As another ideological bad guy, Magneto is very susceptible to the "lesser of two evils" motif's pull. To him, the ultimate evil would always be mankind, and if that meant siding with the X-Men, he could swallow it. But with the switching back and forth and the dying all the time, keeping track of whether he's good or bad is so hard it makes your kidneys bleed. And most of the time, it doesn't make much sense. The original Magneto-is-good storyline was when he discovered that Quicksilver and Scarlet Witch were his children, he had part-human grandchildren, and somehow that made the militant mutant decide to turn himself in for his crimes against humanity. Perhaps realizing the ultimate lameness of this arc, he was returned to antagonist after awhile, but the X-offices have tossed him back and forth ever since, seemingly unaware that the best Magneto is obviously a maniacal one.
Hawkeye! Why is Hawkeye so cool? His costume isn't cool. Light blue and purple chain mail accented by suspenders? His gimmick isn't that cool – being one of the world's best marksmen is awesome, considering all that he had to overcome, i.e. deafness. Course, when you think about it, deafness would probably help an archer concentrate on the mark. No, what makes Hawkeye cool is his name. Clint Barton. Compared to all the namby-pamby alliterative alter egos – Matt Murdock, Bruce Banner, Reed Richards – Clint Barton is absolutely wicked. That sounds like a superhero already, screw the call sign. If my name was Clint Barton and somebody tried calling me Hawkeye, I'd shove my boot so far up his ass he could taste the purple. After a short, early stint as a reluctant villain, Clint Barton gave up a life of crime for the steady paycheck the Avengers offered, and he's been beating up nerds, stealing girlfriends, and working on his badass Camaro in the driveway ever since.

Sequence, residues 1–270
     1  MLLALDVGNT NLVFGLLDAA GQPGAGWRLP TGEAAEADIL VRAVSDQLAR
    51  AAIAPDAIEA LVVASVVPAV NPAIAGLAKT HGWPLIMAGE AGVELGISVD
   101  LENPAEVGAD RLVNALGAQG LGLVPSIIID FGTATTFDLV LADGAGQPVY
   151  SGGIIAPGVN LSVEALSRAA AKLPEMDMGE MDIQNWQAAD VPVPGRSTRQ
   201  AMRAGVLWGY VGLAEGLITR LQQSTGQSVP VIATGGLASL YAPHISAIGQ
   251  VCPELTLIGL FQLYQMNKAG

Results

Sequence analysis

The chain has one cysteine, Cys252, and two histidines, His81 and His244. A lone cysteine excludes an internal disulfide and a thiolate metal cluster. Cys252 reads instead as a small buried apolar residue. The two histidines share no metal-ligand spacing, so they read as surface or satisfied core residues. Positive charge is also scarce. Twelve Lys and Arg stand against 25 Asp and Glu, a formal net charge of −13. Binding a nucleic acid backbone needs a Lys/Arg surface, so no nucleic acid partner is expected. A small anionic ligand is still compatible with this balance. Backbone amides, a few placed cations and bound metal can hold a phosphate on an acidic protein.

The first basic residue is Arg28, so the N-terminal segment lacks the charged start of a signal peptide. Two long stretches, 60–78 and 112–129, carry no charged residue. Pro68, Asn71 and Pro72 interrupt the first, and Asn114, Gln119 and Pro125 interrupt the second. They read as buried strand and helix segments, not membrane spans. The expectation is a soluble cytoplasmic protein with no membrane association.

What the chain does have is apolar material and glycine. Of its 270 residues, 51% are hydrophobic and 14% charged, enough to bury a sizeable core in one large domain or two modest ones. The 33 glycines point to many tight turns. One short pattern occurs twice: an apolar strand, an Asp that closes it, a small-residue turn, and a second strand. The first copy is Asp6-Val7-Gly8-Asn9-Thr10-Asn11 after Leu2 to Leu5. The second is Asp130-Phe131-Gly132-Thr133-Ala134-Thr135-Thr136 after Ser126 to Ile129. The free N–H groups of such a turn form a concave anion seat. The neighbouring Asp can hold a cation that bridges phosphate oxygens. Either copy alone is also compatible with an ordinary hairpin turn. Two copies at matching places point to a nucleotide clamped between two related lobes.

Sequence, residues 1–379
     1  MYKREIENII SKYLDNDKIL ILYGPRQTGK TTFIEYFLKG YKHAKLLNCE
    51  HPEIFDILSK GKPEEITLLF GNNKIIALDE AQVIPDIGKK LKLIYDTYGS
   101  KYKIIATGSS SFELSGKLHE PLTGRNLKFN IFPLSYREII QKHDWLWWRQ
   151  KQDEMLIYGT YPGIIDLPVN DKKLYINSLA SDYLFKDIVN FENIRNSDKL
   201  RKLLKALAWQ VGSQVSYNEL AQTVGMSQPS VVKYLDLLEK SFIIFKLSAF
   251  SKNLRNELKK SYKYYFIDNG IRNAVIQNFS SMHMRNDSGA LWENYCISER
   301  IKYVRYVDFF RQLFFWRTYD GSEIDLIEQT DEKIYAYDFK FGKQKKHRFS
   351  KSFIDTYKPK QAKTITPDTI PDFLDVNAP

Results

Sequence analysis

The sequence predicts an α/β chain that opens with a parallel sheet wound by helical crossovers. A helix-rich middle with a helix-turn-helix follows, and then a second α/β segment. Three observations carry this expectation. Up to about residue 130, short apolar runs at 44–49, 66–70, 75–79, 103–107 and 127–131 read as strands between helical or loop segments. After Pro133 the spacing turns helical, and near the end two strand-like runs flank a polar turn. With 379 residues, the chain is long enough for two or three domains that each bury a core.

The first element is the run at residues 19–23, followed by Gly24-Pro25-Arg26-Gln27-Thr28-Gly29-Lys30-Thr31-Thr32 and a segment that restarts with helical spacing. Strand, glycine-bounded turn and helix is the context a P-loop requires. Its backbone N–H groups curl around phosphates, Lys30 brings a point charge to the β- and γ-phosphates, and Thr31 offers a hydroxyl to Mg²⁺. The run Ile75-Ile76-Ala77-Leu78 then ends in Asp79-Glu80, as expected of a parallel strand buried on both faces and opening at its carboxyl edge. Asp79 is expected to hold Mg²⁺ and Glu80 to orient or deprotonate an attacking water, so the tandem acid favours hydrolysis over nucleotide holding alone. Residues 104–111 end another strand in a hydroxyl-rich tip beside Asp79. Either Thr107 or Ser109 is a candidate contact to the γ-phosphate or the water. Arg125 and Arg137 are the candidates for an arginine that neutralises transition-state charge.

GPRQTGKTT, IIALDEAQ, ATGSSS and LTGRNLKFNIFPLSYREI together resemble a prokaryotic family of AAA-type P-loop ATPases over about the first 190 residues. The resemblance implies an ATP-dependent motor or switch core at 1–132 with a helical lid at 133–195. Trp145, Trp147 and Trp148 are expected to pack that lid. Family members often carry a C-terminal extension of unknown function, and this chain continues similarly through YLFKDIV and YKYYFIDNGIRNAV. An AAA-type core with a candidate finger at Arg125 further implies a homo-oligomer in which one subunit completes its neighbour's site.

A ragtag group of supervillians formed by the government to perform missions that were almost certainly "suicide runs," John Ostrander's Suicide Squad created a blueprint that comics still loves to use to this day. It's practically formula: take a handful of less-than-respected bad guys, give them a mission with at least a little altruism involved, and make sure a shadowy branch of government is footing the bill. Comics gold. The Thunderbolts and Secret Six would be nothing if not for Suicide Squad and its band of happy psychos. The line between good and evil is thinly chalked, and this spandex-clad Dirty Dozen rides the white stuff like Robert Evans at Roman Polanski's house.
Yes, thank you, there are many more examples of villains gone good, but we're already at a thousand words here and it's not like I'm getting a per-word rate. What are your favorite bad guys gone good?
There will always be those characters who trip across to the other side for awhile, for whatever good story sense or editorial edicts are concocted. For extreme examples, look no farther than Marvel over the past fifteen years. Emma Frost going good might be the most substantial thing Grant Morrison added to The X-Men, and that's saying a lot. She's basically the only interesting character on the team. But Sandman joining the Avengers? Venom getting his own book, in which he's the hero? Ugh. If I was being robbed by a gang of surgically-altered methheads who stabbed me with rusty knives and Venom was the one who showed up to save me, I'd pull the knife out of my thigh and go after that evil-looking sucker. Some bad guys should just stay bad.